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We have two separate rails_app, foo/ and bar/ (separate for good reason). They both depend on some models, etc. in a common/ folder, currently parallel to foo and bar.

Our current svn setup uses svn:externals to share common/. This weekend we wanted to try out git. After much research, it appears that the "kosher" way to solve this is using git submodule. We got that working after separating foo,bar,common into separate repositories, but then realized all the strings attached:

  1. Always commit the submodule before committing the parent.
  2. Always push the submodule before pushing the parent.
  3. Make sure that the submodule's HEAD points to a branch before committing to it. (If you're a bash user, I recommend using git-completion to put the current branch name in your prompt.)
  4. Always run 'git submodule update' after switching branches or pulling changes.

All these gotchas complicate things further than add,commit,push. We're looking for simpler ways to share common in git. This guy seems to have success using the git subtree extension, but that deviates from standard gitand still doesn't look that simple.

Is this the best we can do given our project structure? I don't know enough about rails plugins/engines, but that seems like a possible RoR-ish way to share libraries.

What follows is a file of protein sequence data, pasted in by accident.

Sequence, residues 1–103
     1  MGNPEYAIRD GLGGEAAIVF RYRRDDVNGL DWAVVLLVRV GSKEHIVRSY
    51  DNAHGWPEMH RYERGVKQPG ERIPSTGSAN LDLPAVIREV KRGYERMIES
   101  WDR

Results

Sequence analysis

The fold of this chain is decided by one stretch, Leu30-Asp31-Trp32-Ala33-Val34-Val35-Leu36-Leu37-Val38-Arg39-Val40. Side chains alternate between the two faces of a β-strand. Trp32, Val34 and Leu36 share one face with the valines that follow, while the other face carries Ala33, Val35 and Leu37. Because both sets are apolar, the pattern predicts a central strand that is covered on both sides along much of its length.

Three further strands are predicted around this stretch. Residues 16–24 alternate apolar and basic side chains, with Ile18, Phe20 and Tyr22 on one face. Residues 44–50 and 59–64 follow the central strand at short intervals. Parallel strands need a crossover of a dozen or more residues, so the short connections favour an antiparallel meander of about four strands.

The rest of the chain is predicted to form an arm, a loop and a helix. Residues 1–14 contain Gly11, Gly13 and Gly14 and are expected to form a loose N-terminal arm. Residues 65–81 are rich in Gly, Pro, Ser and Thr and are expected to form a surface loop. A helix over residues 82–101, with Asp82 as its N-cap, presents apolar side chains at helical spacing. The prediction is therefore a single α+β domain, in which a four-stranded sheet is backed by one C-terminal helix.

Thanks in advance.

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7 Answers 7

I tend to prefer symbolic links to submodules.

1) Have foo, bar, and the common code (common) in 3 separate repos.

2) In directory for foo, add a symbolic link to common, where necessary.

$ cd foo
$ ln -s /path/to/common lib/common

3) Check in the link.

$ git add lib/common
$ git commit

4) Repeat for bar

This takes advantage of the fact that git respects symbolic links and stores the location of the target (as opposed to following the link.)

Ofcourse, the expectation is for you to consistently use the same target path for common. I work around this by not checking in the symlink, and adding a README.setup file in each of my projects reminding me to add the requisite symlinks upon initialization. Having a devsetup.sh that does this sort of initialization is useful here too.

IMO, this is much nicer to deal with than submodules.

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I think that the git submodule system have a great advantage over svn:externals or symbolic links (and it is also that makes them more difficult to use): the actual submodule version is stored for each superproject version. So is is quite safe to make changes in the submodule that breaks backward-compatibility: it will be possible to checkout any version of the superproject(s) with the proper submodule version, because the superproject will contain a reference to the proper submodule code. You may also maintain two branches of the submodule (v1.0.x and v2.0.x, for example) and use different branches in different projects without a problem.